Again, I wasn't at the conference but if I understood my colleagues correctly then what on earth is the driving force behind this decision? I can't believe that when talking to your customers they don't think this is a prevailing need for their staff/organization? I moderate our regional user group and at our last meeting we discussed agent mobile functionality. All 24 people in the room agreed it would be a useful/valuable tool to have. Sure, RightNow Mobile for end-users is nice, but it's only half the pie here.

      If this isn't something that's on the front burner then what's the real reason behind the decision because I can't believe it's a lack of interest from customers who use this tool. I oversee 47 sites across our system and we're frequently bombarded with this request. Does it come down to development obstacles? For now let's push the 900-lb gorilla called Mac/iPad/non-Windows OS incompatibility out of the room. If RightNow Mobile for agents can't be delivered because of design barriers  then just let us know. However, given the pervasiveness of mobile use and the emerging trends I can't help but think RightNow is shooting itself in the foot if they don't consider it to be a priority.

      Hopping off my soap box, going back to work... from my Windows PC.

    • Kyle

      Kirk Weisler is a frequent speaker/presenter at the RightNow Summits. Recently on his Thought for the Day blog he posted the Pink Elephant "Are You Ready?" video from their annual conference. Not only is it thought-provoking, but it also highlights some of the issues discussed here in this Idea about mobile access for agents.

    • Stephen Pickett

      Very thought provoking, even if you are already aware of the message - I suggest the decision makers at RightNow watch this video!

    • Kelly Jacobson

       My agents are in my face about being able to handle their tickets via their mobile devices.  We also have about 5 - 6 IT staff that are now using iPads for mobility.  As you can imagine, they are frustrated to have to go to a computer, potentially install the client, and then work on their requests.  When they are out in the field (across the campus) it would be ideal for them to be able to easily look at updates to requests in the Queues we have (without filling their mailboxes with notifications for each request - this is overwhelming).

    • Stephen Pickett

      Why not at the very least disable the feature that prevents use of the Accessibility Interface on anything but IE (or whatever the restriction is).

    • Arjen

      I couldn't agree more. The new way of working: anywhere, anytime on any device is thé topic of todays knowledge workers.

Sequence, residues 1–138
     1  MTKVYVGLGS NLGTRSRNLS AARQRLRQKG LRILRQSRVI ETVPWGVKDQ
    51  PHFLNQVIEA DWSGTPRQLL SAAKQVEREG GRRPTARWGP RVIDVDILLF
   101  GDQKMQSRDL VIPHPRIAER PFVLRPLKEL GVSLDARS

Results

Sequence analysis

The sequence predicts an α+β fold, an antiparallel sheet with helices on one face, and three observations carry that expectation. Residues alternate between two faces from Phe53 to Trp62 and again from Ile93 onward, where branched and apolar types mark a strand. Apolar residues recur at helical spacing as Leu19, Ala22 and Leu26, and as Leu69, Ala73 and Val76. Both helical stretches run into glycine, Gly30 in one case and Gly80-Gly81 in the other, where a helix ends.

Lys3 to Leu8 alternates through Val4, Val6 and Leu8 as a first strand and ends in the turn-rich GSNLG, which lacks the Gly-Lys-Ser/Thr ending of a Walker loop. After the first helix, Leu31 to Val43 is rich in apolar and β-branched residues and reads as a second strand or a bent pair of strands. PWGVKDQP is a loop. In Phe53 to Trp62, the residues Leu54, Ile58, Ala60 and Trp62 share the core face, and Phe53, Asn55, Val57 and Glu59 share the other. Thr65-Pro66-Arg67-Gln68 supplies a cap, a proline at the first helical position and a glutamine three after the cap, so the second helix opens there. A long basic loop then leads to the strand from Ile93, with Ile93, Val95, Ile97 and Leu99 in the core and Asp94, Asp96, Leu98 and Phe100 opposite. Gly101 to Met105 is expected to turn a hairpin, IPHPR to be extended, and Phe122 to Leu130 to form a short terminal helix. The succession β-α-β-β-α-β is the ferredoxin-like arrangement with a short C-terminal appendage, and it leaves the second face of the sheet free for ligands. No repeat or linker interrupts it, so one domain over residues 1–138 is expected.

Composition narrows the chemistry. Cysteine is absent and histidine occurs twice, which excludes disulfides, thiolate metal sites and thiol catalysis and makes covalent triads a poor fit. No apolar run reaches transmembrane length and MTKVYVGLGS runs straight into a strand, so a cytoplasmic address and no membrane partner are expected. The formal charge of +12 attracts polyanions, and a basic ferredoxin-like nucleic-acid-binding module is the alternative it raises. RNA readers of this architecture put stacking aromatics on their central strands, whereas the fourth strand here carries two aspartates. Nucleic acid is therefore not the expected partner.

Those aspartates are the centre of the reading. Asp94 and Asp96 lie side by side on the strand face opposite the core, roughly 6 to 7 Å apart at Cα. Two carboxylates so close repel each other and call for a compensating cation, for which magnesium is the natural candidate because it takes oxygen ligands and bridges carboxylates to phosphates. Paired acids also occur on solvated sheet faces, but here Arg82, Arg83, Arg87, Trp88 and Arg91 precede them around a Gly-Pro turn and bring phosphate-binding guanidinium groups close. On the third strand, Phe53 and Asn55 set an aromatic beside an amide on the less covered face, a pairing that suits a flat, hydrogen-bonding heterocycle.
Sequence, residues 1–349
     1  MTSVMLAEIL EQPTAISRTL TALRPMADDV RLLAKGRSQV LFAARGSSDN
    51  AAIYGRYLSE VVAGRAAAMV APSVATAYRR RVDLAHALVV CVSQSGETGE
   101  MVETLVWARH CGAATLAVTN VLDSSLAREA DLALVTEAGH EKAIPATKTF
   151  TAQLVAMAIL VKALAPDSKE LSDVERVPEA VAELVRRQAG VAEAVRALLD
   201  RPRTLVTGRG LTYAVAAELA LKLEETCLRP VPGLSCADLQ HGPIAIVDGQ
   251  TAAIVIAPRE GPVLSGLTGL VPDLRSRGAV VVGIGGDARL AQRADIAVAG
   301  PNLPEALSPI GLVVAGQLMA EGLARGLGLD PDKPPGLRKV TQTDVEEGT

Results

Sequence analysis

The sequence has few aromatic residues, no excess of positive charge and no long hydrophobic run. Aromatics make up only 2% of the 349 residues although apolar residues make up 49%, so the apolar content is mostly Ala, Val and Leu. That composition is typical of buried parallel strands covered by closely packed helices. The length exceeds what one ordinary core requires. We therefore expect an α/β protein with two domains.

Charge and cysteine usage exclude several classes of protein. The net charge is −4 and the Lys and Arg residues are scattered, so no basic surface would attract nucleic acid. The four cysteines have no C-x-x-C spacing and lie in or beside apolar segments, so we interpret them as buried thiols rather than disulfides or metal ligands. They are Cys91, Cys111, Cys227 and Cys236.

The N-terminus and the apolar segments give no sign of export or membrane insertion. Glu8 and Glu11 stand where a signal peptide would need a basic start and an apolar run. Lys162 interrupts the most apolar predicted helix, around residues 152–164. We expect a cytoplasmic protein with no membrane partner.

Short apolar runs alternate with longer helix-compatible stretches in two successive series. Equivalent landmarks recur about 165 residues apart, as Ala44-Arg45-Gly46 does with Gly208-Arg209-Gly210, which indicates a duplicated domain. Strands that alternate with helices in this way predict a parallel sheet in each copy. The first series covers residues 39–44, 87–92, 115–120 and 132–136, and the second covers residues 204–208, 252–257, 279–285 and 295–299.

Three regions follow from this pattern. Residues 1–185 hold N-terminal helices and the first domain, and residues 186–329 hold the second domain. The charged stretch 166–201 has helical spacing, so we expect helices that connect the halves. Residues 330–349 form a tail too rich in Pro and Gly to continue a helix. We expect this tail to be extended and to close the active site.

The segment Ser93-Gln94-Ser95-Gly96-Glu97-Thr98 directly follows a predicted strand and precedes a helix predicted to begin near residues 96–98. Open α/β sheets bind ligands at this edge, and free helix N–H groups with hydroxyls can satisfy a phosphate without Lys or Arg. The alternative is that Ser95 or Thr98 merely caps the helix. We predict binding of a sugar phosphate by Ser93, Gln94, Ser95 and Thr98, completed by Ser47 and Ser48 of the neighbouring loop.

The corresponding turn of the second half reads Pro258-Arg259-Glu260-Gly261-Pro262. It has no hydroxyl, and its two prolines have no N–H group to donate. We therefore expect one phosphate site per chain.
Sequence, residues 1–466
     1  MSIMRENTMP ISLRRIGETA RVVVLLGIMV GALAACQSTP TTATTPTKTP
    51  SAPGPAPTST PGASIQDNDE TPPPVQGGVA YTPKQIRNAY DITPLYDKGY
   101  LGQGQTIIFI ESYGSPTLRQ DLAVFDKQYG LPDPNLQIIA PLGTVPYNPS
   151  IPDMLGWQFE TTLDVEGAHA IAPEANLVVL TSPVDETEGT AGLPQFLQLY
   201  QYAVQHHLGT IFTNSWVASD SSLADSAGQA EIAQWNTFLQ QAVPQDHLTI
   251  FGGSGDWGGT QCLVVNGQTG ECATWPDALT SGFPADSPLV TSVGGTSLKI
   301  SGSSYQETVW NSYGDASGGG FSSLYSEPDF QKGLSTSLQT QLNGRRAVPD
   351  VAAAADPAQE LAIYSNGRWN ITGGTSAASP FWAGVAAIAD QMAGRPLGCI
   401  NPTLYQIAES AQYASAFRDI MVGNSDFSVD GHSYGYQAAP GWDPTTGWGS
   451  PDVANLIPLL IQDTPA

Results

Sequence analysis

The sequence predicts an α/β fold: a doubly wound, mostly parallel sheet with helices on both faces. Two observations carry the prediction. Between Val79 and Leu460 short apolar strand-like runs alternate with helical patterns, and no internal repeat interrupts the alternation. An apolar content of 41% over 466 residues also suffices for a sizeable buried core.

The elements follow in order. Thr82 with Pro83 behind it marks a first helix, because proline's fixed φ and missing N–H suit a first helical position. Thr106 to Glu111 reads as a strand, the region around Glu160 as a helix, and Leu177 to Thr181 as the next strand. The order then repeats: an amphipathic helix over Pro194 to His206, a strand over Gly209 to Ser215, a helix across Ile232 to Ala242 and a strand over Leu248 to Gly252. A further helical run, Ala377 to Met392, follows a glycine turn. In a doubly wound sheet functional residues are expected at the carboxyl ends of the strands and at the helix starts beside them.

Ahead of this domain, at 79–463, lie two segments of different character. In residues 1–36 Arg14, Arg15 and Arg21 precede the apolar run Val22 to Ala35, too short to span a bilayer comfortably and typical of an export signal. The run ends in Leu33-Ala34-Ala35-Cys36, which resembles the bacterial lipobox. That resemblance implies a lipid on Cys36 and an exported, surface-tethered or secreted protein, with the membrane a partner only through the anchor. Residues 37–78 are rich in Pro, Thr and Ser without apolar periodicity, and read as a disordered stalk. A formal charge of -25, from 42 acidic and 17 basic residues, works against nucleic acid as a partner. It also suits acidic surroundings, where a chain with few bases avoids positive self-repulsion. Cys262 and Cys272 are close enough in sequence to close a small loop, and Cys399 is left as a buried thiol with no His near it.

• Kyle

      Here's what I don't get. At the last Summit I attended a breakout session on RightNow mobile and the importance of being able to deliver mobile services to the customer was repeatedly hammered home. I remember writing down quotes from the presenter about how a company in today's market could not afford not to deliver mobile functionality to their customers. I was amazed at the irony from these statements because here we have RightNow and to date no mobile functionality for their customers who were sitting in the breakout session. I just had my boss stop by and ask when RightNow would deliver this functionality because when he's on the road he wants to be able to manage incidents, tasks, etc. I suppose the only consolation is that he's just as screwed as the rest of us.

      And from what I've heard the product roadmap is still a dirt road for 2012. When asked at the Summit what the plans were for mobile delivery I was told that one option is to deploy RightNow through a Citrix server. Actually, this sort of works but the interface isn't customized for mobile display so it's better on larger screens such as tablets. What RightNow failed to consider is the cost. I don't know about other companies but one of our organizations is testing a Citrix server delivery (for other apps) and I believe the cost was around $100,000. Regardless of how valuable mobile delivery is for agents I'm fairly certain it's not $100K. RightNow mentioned that they were looking at offering a Citrix service to their customers and I thought this could be helpful, at least until they caught up with the rest of the world. But when asked they said that there would be a charge for this service. Seriously? Your software lacks vital functionality and your solution is cost-prohibitive so the answer is to pass along these costs to the customer and punish them for it.

      I know RightNow's catch phrase is to rid the world of bad experiences. But it seems they're following this strategy one experience at a time and mobile functionality is way too far down their to-do list.

    • Kyle

      Read this article about how PC sales are significantly slowing without much of a positive outlook. And the primary reason: iPad and other tablets. Of particular interest was this excerpt:

      Consumer computing habits are changing as more applications shift to the cloud. Email, Web browsing and social networking, which once required a PC, can now be done on a smartphone or tablet.

      And yet, here I am still having to use RightNow on my Windows PC. I can't help but think how many people at RightNow who read this have an iPad, tablet, smart phone and don't see the irony.